After seven years of prosecutorial pursuit, telecommunications mogul Walter C. Anderson was sentenced to serve nine years in prison for failing to pay more than $200 million in taxes. He will receive credit for the two years he has already served.Anderson, 53, was also ordered to pay about $23 million to District of Columbia tax collectors, but a federal judge ruled that he won’t have to pay the Internal Revenue Service restitution ranging from $100 million to $175 million, because prosecutors listed the wrong statute in Anderson’s plea agreement. Judge Paul Friedman said he could have ordered Anderson to repay the money as part of his probation, but prosecutors has also omitted any discussion of probation from Anderson's paperwork.
The government has said that it plans to bring civil charges against Anderson to retrieve the restitution.
The biggest convicted tax cheat in U.S. history, last fall Anderson had pleaded guilty to two counts of federal tax evasion and one count of defrauding the District of Columbia for failing to report approximately $365 million of personal income on his 1998 and 1999 federal returns, as well as another $100 million he earned from other business ventures during the 1990s.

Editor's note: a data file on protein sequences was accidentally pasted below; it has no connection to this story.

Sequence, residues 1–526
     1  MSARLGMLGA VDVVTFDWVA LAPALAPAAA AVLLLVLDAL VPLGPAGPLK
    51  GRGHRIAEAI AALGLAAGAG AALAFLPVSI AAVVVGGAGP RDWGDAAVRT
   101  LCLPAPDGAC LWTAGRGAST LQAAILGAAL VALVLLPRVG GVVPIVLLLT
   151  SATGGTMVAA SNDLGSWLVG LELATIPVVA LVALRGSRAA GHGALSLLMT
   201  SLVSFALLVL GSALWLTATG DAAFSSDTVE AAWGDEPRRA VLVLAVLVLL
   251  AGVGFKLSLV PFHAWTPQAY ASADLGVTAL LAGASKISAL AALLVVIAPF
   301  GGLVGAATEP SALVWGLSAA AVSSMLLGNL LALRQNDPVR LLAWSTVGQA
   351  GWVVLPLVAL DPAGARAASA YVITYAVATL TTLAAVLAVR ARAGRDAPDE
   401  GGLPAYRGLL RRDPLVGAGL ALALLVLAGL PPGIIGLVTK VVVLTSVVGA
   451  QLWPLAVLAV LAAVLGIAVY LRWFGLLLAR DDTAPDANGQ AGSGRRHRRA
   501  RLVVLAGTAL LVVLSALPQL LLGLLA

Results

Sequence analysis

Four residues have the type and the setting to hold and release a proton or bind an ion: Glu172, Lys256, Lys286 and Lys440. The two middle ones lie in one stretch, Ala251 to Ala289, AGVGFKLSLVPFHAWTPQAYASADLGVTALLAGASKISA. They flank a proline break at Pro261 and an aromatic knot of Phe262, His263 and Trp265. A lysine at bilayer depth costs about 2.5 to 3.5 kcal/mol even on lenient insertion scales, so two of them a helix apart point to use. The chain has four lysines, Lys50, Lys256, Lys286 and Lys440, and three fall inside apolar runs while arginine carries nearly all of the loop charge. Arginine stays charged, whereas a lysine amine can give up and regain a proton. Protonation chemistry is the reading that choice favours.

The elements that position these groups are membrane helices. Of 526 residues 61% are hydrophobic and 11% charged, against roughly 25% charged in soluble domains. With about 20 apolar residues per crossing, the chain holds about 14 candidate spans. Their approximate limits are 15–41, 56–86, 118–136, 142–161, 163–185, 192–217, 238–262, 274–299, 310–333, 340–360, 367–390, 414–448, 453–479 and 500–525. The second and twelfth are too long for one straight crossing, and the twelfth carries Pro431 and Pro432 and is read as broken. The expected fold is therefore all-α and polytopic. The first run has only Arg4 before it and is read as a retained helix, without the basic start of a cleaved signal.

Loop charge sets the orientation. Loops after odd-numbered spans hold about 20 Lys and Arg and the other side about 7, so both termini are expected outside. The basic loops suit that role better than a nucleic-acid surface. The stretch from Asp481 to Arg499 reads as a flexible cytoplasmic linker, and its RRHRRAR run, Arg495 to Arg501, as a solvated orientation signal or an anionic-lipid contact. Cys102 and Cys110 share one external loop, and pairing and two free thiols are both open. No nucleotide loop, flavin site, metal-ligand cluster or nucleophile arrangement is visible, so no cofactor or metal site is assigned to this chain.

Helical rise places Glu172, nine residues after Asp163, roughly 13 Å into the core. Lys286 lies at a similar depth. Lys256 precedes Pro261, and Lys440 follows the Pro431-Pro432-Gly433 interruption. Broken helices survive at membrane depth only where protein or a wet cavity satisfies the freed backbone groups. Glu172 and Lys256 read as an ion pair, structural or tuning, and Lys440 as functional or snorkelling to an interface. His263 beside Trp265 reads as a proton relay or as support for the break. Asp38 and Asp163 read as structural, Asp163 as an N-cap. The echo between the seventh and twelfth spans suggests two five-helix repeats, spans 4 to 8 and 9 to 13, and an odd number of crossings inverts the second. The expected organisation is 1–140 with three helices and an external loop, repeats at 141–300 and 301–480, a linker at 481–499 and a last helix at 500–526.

He avoided paying taxes by using aliases, shell companies, offshore tax havens and secret drop boxes abroad.
Anderson started a long-distance telecommunications business in the 1980s as the industry was being deregulated. When his first company, Mid-Atlantic Telecom, merged with another company in 1992, prosecutors said that Anderson formed corporations in the British Virgin Islands to hide the income. In a flurry of transactions between October 1992 and July 1996, Anderson transferred his ownership interests in three telecommunications companies to other companies that he was already a principal owner in. After these transactions were made, the value of each of those corporations dramatically increased.
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